I spend a lot of time in coffee shops.

It’s not the coffee that keeps me coming back . . . If you’ve seen what I do to coffee before I drink it you’d call the CDC (Coffee Defamation Committee). The sheer amount of dilution I instigate on a cup of coffee will make you wonder why I even buy the stuff in the first place. I’m addicted to it, of course. But it doesn’t mean I have to enjoy it. Sheesh!

I love the smell of coffee–I will go out of my way to walk through the coffee aisle at the grocery store just to inhale the lovely pungent aromas wafting about playfully there. But pour a little water through it and it tastes like yesterday’s soggy Amazon shipping box after it fell out of the FedEx truck, got run over–twice–peed on by a wombat, rained on for three days, gnawed on by a rodent destined as tomorrows roadkill, pecked on by a chicken on its way across the road, and finally rescued and served to you in a cute plastic cup that tastes just like a cute plastic cup.

But, to stop making a short story long, it’s not the coffee that brings me here.

It’s the table. That long smooth expanse of polished wood just crying out for the warmth of a laptop, hard drive thrumming excitedly, the sheer delight of a stack of books to be joyfully riffled and absorbed, the orgasmic joy of a mechanical pencil set upon its ready surface, or–OMG–a couple of Pilot G2’s. Sure, splash it with coffee, get coffeecake crumbs on it! It can handle the degradation for the sheer joy of feeling someone create upon it’s trembling surface.

funny-squirrel-drinking-coffeeOkay, maybe I need to stop drinking so much coffee . . .

Actually, the table is nice, but it’s the people I’m truly placating my addiction for coffee shops: I may seem shy when you encounter me, deftly staking out my corner of the table, but I need my daily people time to fuel my creative reserves. I guess that’s why I call myself a shy extrovert.

Not only does the energy of fellow humanity inspire, but they’re friggin’ hilarious to observe, too. They do all kinds of silly things when they don’t pay attention to themselves. And it’s my job to duly note these things and write a blog about them . . . or include it as character seasoning in a movie screenplay, coming soon to a theater near you!

I shouldn’t talk about it, but that’s a well-kept secret* of how writers can make such quirky characters you can identify with so well . . . by watching you!

Keep up the good work!

[ * My editor called and ragged me out for letting the cat out of the bag. Actually I think it was a wrong number, I’m not sure why they had a cat in there in the first place. People are so weird. ]

Four out of five narcissists agree: the human race is an imperfect lot. Even our DNA earns its keep by making errors . . . what we call “evolution”. Like most humans, I carry with me a plethora of dysfunction wherever I go. A few are physical—most are not. They don’t eat much, but they help make me who I am, for better or worse, so I proudly call them my own.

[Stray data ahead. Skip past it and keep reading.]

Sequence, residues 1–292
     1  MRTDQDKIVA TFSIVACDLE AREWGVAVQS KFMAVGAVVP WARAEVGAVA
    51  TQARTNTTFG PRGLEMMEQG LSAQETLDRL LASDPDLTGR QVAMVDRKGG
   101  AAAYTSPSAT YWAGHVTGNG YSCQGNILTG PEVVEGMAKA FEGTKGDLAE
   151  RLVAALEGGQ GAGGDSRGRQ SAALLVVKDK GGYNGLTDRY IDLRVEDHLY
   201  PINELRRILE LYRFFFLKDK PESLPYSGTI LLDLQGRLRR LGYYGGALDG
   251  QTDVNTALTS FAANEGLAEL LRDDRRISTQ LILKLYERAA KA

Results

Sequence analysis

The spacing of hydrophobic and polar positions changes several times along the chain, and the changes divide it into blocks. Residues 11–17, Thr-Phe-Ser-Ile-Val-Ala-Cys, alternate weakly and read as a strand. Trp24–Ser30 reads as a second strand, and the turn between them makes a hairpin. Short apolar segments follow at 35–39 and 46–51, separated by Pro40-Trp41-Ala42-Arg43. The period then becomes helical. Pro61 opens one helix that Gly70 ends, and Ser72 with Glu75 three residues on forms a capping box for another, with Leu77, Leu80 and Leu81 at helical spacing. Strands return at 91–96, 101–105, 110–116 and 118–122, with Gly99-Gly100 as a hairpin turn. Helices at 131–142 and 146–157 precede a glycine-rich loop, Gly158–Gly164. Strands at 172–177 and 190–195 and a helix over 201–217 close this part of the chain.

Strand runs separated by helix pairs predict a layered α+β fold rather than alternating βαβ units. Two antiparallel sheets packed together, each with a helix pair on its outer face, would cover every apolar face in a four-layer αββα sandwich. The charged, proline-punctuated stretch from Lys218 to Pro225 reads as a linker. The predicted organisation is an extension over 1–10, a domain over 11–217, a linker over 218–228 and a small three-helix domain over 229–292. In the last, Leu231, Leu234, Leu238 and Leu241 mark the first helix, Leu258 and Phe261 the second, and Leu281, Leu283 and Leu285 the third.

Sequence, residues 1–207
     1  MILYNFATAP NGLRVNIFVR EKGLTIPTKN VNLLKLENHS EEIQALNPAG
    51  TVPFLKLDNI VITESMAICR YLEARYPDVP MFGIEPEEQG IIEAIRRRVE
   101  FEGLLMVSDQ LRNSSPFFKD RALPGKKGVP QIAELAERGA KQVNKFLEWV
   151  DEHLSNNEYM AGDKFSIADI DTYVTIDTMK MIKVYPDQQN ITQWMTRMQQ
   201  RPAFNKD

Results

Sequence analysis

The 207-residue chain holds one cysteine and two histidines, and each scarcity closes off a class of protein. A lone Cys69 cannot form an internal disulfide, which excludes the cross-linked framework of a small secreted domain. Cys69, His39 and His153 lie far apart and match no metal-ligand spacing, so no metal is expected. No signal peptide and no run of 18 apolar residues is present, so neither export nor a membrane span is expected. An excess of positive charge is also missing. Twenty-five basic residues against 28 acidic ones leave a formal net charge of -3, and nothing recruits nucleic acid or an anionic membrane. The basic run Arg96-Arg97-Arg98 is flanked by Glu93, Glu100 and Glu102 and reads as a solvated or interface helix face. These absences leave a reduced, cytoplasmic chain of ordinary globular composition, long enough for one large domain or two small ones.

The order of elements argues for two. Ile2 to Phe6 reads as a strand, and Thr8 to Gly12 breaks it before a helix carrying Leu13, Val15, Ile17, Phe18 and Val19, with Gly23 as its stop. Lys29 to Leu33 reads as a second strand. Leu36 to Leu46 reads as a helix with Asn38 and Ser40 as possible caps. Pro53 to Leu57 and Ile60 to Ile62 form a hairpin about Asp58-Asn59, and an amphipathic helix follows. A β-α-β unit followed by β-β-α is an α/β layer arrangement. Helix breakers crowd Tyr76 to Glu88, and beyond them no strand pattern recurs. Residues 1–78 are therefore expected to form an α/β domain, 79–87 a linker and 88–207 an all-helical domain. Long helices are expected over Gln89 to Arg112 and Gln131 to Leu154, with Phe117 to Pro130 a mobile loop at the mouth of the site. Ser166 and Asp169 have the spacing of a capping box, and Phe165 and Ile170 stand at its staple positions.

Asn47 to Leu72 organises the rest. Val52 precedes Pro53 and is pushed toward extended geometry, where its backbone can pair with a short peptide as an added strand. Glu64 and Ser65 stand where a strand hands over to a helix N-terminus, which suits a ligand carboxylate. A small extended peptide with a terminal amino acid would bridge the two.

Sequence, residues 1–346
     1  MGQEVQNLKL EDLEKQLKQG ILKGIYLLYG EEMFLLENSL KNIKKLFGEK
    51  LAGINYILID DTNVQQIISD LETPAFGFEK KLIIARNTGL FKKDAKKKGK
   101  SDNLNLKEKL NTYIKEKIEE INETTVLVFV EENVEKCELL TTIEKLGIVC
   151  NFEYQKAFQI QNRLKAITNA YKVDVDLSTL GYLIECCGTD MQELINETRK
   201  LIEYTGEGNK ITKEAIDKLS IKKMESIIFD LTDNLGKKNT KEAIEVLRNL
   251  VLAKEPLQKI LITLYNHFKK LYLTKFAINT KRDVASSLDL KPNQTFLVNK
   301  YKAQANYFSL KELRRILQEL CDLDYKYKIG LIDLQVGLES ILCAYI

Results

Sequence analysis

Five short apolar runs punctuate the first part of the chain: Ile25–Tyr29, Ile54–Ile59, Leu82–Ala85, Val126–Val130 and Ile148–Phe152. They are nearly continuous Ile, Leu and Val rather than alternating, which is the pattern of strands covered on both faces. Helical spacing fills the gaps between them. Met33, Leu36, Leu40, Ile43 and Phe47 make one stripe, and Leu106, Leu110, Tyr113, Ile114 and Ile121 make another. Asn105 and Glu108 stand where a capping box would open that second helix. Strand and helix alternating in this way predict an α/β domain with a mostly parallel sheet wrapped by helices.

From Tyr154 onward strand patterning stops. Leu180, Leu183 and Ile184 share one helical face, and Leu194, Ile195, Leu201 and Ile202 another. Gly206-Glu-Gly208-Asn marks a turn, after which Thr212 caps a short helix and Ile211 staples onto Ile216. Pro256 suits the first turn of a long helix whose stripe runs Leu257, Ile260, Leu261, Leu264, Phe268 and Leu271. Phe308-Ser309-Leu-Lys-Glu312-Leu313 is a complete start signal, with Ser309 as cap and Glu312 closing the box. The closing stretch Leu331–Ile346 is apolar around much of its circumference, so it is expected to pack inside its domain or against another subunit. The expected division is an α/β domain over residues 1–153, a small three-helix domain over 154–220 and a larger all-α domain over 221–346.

This is their story …

Asparagus, Broccoli & Shellfish—Oh My!

Okay, I admit it. I eat like a five-year-old.

My texture issues followed me like hungry kittens into adulthood: where foods like kiwi or mushrooms or cooked squash are too slimy to be beheld; where my bitterness sensitivity make bell peppers (only the green ones), capers and grape leaves inedible; and where a strange genetic mutation transforms guacamole and sour cream into an inert, tasteless nothingness on my tongue.

But these maladjustments barely scratch the surface of my culinary weirdness …

Shellfish, no matter how gourmet in preparation, smells to me like decomposing garbage. To think of ingesting it as a food is to risk projectile vomiting. I had to type the previous sentence very carefully.

Asparagus, on the other hand, has nothing more than a bitter aroma to me, but my throat closes up just to be in the same room where it’s cooking. Attempting to eat any of it would be improbable at best. And asparagus has a unique way of taking over the sweat glands of its victims, so if you’ve eaten some of it in the last few days, please don’t be insulted when I move far away from you.

I don’t want to talk about broccoli, other than to warn you: Do not under any circumstances allow me to eat this in your presence . . . unless you wish to be among the crowd running for the hills soon after. If anyone has seen the movie Godzilla and the Smog Monster, you know what I mean. Failing to heed this advice may be construed in some countries as a terrorist act.

You have been warned.

“Foibles” was a creative writing class exercise that went awry. It was meant to brainstorm prompts for future writing projects, but I think my instructor stepped back in fright when she saw how long my list was getting. There’s enough foibles here to fuel a year long blog, but I think I’ll scale it back to a foible or two a week (welcome to Foibles Monday).

I don’t want to take you away from the normal things I usually write about here. ~giggle~